Children as young as seven are being treated for addiction to pornography

Online pornography should be restricted in the same way that access to top-shelf magazines and sex shops is to stop children viewing the content, the Culture Secretary has said.

Tuesday, 13th September 2016, 4:47 pm
Updated Thursday, 15th September 2016, 4:04 pm

Karen Bradley told MPs action must be taken to tackle the “incredible problem” of young people under the age of 18 viewing adult images on the internet.

The Government’s Digital Economy Bill would require companies to introduce suitable age verification measures for online pornography with websites that fail to comply hit by financial penalties.

However, there are concerns about how the new rules would apply to websites that do not charge people for access to content and those based overseas.

Ms Bradley said: “We have an incredible problem of pornographic images being available to children.

“The NSPCC report that children as young as seven are being treated for addiction to pornography.

“This is not something that can be addressed through one measure alone and the measures in this Bill will help to work but this is not a silver bullet.”

She continued: “We age classify films, we restrict age inappropriate broadcasts to after the watershed, we put age inappropriate magazines on the top shelf and we keep children out of sex shops.

“Equivalent and proportionate measures are needed online.”

Shadow culture minister Chi Onwurah said she welcomed the proposed increased protections for children as MPs debated the Bill at second reading.

But she said Labour would seek to make the measures more practical and effective.

“We need to see parents give more information about protecting their children and critically compulsory sex and relationship education in our schools so we can teach young people about healthy relationships,” she added.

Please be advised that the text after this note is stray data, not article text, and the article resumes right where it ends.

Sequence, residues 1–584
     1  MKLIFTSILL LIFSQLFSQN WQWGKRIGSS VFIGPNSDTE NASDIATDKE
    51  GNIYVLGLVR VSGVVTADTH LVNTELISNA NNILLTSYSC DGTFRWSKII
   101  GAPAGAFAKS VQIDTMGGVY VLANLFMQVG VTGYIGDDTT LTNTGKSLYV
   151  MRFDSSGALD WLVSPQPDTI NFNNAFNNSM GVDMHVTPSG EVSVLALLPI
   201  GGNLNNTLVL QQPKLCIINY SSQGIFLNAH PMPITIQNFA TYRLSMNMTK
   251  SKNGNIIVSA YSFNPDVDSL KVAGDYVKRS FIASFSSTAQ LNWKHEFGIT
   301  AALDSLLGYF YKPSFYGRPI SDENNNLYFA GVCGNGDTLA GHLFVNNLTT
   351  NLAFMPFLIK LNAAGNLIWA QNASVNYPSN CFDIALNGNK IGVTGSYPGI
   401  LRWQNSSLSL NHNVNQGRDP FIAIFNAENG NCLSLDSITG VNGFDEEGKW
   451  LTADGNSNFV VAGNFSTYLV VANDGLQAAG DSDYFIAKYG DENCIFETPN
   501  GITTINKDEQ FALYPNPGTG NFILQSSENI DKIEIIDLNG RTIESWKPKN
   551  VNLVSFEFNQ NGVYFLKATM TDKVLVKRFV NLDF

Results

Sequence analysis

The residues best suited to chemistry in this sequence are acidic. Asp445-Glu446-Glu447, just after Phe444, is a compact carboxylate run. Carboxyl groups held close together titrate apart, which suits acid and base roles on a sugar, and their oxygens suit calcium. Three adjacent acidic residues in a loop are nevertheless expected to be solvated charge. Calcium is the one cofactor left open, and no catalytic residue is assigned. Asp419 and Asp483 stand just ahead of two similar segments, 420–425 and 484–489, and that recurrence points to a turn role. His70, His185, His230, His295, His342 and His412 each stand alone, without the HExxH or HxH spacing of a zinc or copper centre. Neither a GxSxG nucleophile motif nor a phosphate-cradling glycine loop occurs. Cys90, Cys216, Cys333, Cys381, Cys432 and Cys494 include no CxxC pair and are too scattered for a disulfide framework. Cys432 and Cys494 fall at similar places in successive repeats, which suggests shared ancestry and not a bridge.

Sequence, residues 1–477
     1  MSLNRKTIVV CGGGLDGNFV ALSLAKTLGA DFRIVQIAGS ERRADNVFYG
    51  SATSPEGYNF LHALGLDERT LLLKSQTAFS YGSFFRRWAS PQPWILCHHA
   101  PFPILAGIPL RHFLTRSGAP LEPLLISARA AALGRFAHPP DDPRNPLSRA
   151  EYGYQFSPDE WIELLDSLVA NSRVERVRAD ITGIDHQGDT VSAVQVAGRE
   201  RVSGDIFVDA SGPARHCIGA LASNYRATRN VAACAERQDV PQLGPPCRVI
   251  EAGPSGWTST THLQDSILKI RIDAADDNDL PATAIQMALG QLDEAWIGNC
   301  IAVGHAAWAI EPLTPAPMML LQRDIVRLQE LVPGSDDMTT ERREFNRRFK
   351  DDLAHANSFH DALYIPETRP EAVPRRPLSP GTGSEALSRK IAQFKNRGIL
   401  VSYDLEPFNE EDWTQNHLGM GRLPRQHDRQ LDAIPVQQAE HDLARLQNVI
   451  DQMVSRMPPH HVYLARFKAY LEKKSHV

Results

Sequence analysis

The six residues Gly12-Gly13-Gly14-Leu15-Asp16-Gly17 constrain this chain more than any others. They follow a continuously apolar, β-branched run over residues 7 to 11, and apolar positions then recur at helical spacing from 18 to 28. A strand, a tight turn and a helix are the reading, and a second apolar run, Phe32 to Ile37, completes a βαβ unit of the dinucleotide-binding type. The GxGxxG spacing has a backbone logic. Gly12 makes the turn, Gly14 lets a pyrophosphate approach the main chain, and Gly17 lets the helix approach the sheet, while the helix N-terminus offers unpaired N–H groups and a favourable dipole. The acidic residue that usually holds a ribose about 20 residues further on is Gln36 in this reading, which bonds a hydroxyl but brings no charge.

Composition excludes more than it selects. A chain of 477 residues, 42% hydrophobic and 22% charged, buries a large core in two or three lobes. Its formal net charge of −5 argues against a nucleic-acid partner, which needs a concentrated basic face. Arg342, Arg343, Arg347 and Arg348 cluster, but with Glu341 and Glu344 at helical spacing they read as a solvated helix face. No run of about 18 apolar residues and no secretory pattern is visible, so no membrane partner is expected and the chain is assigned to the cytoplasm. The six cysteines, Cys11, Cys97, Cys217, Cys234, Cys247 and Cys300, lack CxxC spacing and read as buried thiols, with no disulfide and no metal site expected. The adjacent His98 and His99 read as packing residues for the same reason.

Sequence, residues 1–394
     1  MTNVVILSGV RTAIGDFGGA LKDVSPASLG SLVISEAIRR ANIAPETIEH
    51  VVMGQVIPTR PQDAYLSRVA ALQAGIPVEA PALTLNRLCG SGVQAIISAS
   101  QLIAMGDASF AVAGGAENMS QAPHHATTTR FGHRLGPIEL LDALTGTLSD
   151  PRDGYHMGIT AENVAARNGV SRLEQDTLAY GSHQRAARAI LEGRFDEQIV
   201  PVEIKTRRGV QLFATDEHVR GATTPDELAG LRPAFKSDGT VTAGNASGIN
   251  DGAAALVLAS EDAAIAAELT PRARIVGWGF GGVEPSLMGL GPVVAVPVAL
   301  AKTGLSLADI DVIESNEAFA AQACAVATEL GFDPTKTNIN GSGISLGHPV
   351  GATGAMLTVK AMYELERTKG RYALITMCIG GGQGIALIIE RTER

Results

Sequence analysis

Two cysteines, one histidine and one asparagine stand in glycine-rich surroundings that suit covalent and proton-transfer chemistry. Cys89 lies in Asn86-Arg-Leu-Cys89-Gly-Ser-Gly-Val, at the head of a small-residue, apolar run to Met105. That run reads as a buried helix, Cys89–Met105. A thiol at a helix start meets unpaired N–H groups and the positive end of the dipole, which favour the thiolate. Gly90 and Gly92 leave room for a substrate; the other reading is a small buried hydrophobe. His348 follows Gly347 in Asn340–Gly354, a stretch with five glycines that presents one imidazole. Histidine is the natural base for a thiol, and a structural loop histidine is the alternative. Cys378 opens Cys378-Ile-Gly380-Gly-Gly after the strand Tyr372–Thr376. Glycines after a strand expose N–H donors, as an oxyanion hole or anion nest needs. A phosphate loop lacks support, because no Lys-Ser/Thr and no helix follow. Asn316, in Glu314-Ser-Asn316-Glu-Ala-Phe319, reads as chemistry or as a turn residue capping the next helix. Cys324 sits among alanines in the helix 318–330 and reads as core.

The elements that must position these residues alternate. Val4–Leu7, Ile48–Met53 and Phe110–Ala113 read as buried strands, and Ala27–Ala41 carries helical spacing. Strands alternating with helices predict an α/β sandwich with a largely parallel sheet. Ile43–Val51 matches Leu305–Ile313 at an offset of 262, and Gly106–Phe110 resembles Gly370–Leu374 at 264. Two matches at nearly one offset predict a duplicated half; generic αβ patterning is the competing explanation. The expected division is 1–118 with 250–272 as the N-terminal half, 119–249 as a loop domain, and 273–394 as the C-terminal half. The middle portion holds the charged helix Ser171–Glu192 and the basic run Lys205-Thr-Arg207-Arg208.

Tom Brake, the Lib Dem MP for Carshalton and Wallington, echoed the call for sex education to be made compulsory in schools as he queried how the online protection measures would work in practice.

Intervening on Ms Onwurah, he said: “I agree with you that denying children access to online pornography is essential and so also is ensuring the privacy of adult users of legal adult sites and ensuring the Government’s solution works.

“Do you have a clear idea how this Bill will deal with foreign sites and free sites?”

Ms Onwurah said there was “not a clear idea” about how the Bill would deal with such sites.

The Bill also sets out plans to introduce a new universal service obligation for broadband access which would give consumers the legal right to a fast connection.

Ms Bradley said the Bill would act as a “safety net” to guarantee at least a minimum connection speed of 10 megabits per second by 2020.

“The Government will not allow people to be left behind,” she said.

Former culture secretary John Whittingdale, who helped draw up the Bill, admitted it did not address certain issues including how porn sites would verify a user’s age.

He said: “The Bill doesn’t specify how you verify age, and I have to say I’m not entirely clear how the providers are going to do it at all.

“There are going to be concerns, it will not be sufficient to have a box saying ‘are you 18 please tick here’.

“On the other hand if you require the user to submit a credit card number, that potentially does raise big issues of privacy.

“And we have to bear in mind that the content that is being accessed is perfectly legal.

“Of course it is right that children should be prevented from accessing it, because that can be harmful, but for adults this is legal content.